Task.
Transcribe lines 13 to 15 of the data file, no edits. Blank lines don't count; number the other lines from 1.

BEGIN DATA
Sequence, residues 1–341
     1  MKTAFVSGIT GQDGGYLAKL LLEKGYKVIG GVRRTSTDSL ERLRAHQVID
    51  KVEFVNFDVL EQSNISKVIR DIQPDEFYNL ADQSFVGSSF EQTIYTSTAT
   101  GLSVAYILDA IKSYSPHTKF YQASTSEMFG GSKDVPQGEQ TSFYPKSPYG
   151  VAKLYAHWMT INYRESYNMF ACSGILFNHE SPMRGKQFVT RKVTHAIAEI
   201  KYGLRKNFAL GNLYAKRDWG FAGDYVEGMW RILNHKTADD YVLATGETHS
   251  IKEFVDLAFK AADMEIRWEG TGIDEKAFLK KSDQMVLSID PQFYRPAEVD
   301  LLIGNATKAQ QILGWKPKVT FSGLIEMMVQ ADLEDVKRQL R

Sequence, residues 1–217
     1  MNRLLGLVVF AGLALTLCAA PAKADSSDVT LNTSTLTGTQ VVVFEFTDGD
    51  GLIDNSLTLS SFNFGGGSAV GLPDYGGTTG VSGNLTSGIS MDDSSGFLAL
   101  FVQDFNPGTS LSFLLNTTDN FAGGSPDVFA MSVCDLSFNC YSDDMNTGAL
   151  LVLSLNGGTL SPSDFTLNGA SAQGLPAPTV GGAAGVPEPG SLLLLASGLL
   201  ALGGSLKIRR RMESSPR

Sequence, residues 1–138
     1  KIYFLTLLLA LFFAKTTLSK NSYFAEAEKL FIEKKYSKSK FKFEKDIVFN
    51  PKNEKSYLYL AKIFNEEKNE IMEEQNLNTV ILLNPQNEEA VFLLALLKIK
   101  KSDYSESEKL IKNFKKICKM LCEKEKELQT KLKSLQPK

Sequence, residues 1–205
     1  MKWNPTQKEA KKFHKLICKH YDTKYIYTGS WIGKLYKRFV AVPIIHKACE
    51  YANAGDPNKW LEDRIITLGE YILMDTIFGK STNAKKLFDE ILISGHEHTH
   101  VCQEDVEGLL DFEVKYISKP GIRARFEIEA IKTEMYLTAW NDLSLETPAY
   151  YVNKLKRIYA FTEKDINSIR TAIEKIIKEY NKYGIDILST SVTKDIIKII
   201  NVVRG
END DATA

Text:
   151  LVLSLNGGTL SPSDFTLNGA SAQGLPAPTV GGAAGVPEPG SLLLLASGLL
   201  ALGGSLKIRR RMESSPR

Sequence, residues 1–138